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Homeland Security Suspends Travel Ban, But Why?

He might not be happy about it, but President Trump is bending to the will of a federal court. A judge ordered an end to Trump's widely criticized immigration ban, and Trump's Cabinet are scrambling to comply. On Saturday, Homeland Security suspended Trump's travel ban, despite some angry tweeting from the president.

U.S. District Judge James Robart of Seattle (or, as President Trump likes to refer to him, the "so-called" judge) ruled on Friday that Trump's executive order to issue a travel ban on seven Muslim-majority countries was to end "on a nationwide basis." Two federal government agencies, the State Department and the Department of Homeland Security, announced that they would temporarily stop the implementation of Trump's travel ban (which suspended travel from Iran, Iraq, Libya, Somalia, Syria, Sudan, and Yemen) in accordance with the judge's decision. Acting Homeland Security press secretary Gillian Christensen said in a statement:

In accordance with the judge’s ruling, DHS has suspended any and all actions implementing the affected sections of the Executive Order entitled. This includes actions to suspend passenger system rules that flag travelers for operational action subject to the Executive Order.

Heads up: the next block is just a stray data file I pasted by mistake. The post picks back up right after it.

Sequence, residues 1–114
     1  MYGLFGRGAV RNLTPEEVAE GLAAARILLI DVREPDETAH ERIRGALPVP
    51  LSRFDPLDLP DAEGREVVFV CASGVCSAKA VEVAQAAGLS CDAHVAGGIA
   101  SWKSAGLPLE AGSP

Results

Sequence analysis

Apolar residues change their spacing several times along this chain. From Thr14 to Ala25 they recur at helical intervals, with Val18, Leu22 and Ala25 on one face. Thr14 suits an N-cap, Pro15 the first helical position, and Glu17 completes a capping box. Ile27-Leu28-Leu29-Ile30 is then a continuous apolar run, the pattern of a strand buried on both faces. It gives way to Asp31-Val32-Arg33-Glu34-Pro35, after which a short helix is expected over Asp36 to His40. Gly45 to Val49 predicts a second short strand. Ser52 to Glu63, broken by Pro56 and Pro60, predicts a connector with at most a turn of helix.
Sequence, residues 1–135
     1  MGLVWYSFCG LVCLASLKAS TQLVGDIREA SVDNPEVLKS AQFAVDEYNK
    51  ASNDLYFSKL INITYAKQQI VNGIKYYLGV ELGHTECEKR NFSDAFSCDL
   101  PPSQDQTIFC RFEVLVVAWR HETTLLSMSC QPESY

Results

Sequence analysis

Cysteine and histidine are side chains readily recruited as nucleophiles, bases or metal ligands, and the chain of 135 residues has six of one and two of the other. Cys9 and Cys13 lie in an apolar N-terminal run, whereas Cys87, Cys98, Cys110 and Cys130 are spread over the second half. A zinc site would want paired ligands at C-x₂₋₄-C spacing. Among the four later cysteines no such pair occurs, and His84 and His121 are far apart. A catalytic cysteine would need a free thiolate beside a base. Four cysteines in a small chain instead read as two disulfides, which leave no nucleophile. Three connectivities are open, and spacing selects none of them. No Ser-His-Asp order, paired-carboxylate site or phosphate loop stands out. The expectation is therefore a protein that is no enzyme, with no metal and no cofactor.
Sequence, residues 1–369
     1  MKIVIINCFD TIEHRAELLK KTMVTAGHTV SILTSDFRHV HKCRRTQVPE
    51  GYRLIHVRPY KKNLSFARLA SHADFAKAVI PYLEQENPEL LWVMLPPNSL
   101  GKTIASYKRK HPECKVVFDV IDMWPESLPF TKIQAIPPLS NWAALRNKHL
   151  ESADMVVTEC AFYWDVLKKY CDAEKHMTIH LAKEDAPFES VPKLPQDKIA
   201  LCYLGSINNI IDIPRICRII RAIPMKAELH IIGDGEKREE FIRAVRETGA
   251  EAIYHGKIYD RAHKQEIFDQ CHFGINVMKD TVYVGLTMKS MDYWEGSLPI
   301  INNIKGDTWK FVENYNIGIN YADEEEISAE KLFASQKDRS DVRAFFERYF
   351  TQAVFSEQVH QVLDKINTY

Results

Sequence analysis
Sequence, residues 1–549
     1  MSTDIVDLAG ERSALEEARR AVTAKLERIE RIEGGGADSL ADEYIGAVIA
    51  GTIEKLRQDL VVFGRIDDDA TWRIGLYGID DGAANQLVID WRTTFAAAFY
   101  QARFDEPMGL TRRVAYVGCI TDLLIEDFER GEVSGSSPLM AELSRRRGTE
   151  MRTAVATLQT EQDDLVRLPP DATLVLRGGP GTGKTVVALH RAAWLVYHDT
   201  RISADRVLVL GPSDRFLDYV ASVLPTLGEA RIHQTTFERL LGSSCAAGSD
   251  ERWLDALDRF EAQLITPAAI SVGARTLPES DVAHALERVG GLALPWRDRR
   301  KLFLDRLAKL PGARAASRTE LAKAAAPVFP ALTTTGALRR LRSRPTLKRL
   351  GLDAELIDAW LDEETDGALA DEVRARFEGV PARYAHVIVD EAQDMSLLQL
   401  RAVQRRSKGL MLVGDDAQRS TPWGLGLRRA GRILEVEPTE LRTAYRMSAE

President Trump did not take the news of Judge Robart's decision as well, as evidenced by his petulant Twitter rants.

Romper reached out to the Trump administration and is awaiting a reply.

Homeland Security press secretary Christensen went on to say that all personnel from the federal agency would “resume inspection of travelers in accordance with standard policy and procedure.” The White House is reportedly seeking an emergency motion to overrule the halt to the travel ban put in place by Judge Robart. The Department of Justice released a statement regarding its intention to file emergency legal action that read in part:

The Order is intended to protect the homeland and the American people, and the President has no higher duty and responsibility than to do so.

Judge Robart's decision came after the case was brought to him by the attorneys general of Washington state and Minnesota. He felt that the two states:

have met their burden of demonstrating that they face immediate and irreparable injury as a result of the signing and implementation of the Executive Order.

Washington state Attorney General Bob Ferguson released a statement regarding the restraining order, which he believed was, in essence, government-mandated discrimination.

The law is a powerful thing — it has the ability to hold everybody accountable to it, and that includes the president of the United States.

On Friday night, CBP instructed airlines that visas which had been previously cancelled due to the travel ban from the seven affected countries could be reinstated. Airlines are "back to business as usual" for now, with refugees who hold US visas able to be admitted again. Almost like the ban never happened... except it did.